What did Walter Cronkite say about Vietnam after the Tet Offensive?
In February 1968, Cronkite’s Executive Producer at CBS urged Cronkite to travel with him to Vietnam to cover the aftermath of the Tet Offensive. In his editorial, now immortalized as “We Are Mired in Stalemate” Cronkite basically said that he now believed the war to be unwinnable.
What was Walter Cronkite famous line?
And that’s the way it is
Cronkite is known for his departing catchphrase, “And that’s the way it is”, followed by the date of the broadcast.
What did Walter Cronkite say at the end of the news?
It was 40 years ago on March 6 that news anchor Walter Cronkite signed off “The CBS Evening News” for the final time, stating his tag line, “That’s the way it is.” The phrase was more than just a signature ending of his nightly newscast.
Did Walter Cronkite say the Vietnam War was unwinnable?
On February 27, 1968, CBS News anchorman Walter Cronkite filed this editorial on the Vietnam War, in which he famously declared that the conflict was destined to end not in victory, but in a stalemate.
How many American soldiers died in Vietnam in 1968?
The deadliest day of the Vietnam War for the U.S. was 31 January at the start of the Tet Offensive when 246 Americans were killed in action….1968 in the Vietnam War.
|The American war effort in Vietnam peaks in 1968 as the American public support takes a huge hit after the Tet Offensive
What did Johnson say about Walter Cronkite?
‘ Not victory, ‘peace. ‘” It has been reported that Johnson said after the Feb. 27 broadcast, “If I’ve lost Cronkite, I’ve lost Middle America.” Some analysts argue that Cronkite’s role in turning the country against the Vietnam War has been overstated.
What was Walter Cronkite’s salary?
Walter Cronkite passed away on July 17, 2009 at 92 years old. Salary: Walter’s biggest contract came in 1981 when he signed a 7-year deal that paid him $1 million per year, which is the same as around $2.7 million per year today.
Who is the most famous news anchor?
- Christiane Amanpour. Amanpour a British-Iranian journalist and television host.
- Bob Woodward.
- Anderson Cooper.
- Louis Theroux.
- Shereen Bhan.
Did the US lose the Vietnam War?
The United States forces did not lose, they left. America never lost any major battles in Vietnam, yet the North Vietnamese lost many, including the 1968 Tet Offensive. America never lost or gave up ground, yet many NVA/VC strongholds were decimated.
What was the bloodiest battle of Vietnam War?
The 1968 Battle of Khe Sanh was the longest, deadliest and most controversial of the Vietnam War, pitting the U.S. Marines and their allies against the North Vietnamese Army.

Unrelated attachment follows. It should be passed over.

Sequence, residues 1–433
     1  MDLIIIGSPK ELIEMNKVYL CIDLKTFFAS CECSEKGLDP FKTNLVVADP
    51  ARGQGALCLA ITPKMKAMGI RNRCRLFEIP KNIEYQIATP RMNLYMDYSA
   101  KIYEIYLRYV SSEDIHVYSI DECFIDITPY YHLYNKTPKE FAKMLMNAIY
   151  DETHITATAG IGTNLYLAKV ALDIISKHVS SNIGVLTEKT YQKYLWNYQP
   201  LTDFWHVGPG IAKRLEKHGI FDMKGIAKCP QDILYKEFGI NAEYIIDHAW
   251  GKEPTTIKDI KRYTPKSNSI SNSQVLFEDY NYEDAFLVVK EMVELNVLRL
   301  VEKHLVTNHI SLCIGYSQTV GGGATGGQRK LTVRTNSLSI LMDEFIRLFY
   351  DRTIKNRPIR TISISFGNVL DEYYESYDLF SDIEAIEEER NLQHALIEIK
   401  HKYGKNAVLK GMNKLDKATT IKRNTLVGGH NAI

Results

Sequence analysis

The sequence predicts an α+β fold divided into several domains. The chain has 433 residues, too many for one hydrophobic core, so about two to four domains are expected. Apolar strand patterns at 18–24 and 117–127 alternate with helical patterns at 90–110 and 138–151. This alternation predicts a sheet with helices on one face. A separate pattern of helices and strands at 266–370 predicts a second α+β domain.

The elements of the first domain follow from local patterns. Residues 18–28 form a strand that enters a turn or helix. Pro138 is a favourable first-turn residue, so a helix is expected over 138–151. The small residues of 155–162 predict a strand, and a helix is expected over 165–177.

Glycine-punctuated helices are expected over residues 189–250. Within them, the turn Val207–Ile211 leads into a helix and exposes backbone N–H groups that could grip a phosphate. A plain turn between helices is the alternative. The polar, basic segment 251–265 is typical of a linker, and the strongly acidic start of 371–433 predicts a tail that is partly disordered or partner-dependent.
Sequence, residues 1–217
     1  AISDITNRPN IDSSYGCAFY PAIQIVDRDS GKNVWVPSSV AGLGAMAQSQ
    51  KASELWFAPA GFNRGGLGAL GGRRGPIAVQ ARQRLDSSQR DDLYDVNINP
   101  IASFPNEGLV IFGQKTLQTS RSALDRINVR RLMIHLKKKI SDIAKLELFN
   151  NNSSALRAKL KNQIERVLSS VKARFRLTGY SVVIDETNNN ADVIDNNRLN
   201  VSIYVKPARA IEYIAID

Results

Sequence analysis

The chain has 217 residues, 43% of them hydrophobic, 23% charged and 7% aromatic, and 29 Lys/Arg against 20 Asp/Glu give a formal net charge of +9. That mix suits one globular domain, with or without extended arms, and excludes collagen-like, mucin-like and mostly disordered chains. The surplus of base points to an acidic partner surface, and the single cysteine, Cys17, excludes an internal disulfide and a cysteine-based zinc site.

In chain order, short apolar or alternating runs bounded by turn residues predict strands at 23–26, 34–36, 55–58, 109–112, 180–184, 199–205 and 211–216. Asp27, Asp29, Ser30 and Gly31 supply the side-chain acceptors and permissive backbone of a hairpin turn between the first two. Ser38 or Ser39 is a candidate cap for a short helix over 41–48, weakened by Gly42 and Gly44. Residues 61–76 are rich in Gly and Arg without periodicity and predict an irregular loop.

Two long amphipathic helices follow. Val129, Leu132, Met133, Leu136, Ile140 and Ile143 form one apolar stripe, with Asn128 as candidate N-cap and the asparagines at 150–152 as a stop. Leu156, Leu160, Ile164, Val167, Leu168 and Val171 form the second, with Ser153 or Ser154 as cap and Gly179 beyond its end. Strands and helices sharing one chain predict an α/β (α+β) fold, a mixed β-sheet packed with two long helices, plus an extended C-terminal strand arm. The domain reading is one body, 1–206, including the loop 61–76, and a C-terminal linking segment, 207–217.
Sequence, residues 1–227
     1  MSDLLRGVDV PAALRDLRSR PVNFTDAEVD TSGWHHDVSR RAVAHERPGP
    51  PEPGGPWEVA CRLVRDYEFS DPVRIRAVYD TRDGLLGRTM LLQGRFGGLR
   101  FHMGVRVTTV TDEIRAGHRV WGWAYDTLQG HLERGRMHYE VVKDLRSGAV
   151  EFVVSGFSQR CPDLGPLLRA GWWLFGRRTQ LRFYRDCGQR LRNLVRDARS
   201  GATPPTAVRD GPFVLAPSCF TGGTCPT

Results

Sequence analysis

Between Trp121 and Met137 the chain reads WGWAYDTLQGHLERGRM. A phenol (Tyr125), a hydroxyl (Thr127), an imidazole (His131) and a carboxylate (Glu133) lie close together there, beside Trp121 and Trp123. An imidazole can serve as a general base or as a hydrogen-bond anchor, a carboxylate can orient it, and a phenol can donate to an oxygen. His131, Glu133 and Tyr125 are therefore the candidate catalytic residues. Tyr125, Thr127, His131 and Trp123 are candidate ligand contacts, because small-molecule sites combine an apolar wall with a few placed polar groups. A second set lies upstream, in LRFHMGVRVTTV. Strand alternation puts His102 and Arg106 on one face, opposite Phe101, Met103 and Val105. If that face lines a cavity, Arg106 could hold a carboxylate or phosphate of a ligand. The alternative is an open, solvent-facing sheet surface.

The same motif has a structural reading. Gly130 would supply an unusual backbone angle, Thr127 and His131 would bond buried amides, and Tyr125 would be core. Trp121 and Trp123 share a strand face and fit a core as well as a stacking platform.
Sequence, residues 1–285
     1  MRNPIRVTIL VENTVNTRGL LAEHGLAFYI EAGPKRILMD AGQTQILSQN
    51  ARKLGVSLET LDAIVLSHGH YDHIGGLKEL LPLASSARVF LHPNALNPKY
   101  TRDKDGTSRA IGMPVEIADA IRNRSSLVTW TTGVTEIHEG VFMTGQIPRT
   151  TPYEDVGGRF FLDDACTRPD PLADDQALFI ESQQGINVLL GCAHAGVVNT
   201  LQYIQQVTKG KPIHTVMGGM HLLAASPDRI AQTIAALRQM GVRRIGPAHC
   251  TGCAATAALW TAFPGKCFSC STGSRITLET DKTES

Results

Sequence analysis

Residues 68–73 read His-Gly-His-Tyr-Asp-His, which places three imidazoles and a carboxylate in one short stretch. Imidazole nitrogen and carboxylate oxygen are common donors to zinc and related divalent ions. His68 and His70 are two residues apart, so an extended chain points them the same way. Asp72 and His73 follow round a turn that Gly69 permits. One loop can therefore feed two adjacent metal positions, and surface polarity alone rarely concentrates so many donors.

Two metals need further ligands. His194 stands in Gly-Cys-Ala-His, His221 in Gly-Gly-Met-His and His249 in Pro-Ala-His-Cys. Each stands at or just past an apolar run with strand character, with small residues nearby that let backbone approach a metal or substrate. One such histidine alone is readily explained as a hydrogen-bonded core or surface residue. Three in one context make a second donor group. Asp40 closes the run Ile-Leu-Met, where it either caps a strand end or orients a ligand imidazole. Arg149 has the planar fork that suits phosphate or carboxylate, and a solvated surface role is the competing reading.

How many US soldiers are still missing in Vietnam?
Current Status of Unaccounted-for Americans Lost in the Vietnam War
|Repatriated and Identified
Why was Walter Cronkite so trusted?
He began his career with a commitment to journalism as well. Cronkite refused to allow his personal beliefs to affect his job of reporting accurate news. It was his integrity and commitment to fair reporting which established him as the most trusted man in America.
What did Walter Cronkite conclude about the Vietnam War?
That’s when, as legend has it, Cronkite was so shocked at the devastation of the communists’ Tet offensive that he went over to see for himself what was really going on. And he concluded the war was a stalemate, probably unwinnable.
When did the Tet Offensive start and end?
This selection of Vietnam War quotations spans the period between the Gulf of Tonkin incident and US military action (1964) and the Tet Offensive (1968). It contains statements and remarks about the Vietnam conflict by notable political figures, military commanders, contemporaries and historians.
Which is the best quote from Walter Cronkite?
Walter Cronkite. Anchorman, Simple, Two. 111 Copy quote. In seeking truth you have to get both sides of a story. Walter Cronkite. Truth, Two Sides, Stories. 107 Copy quote. America’s health care system is neither healthy, caring, nor a system. Walter Cronkite.
What did Morley Safer say about Walter Cronkite?
Cronkite’s colleague, Morley Safer, reached a similar judgment (“That’s the Way It Was: Remembering Walter Cronkite,” CBS, July 19, 2009). “It is remarkable,” Safer said of Cronkite’s Vietnam broadcast, “that one anchorman, one reporter, one journalist . . . could really affect the political fate of the country.”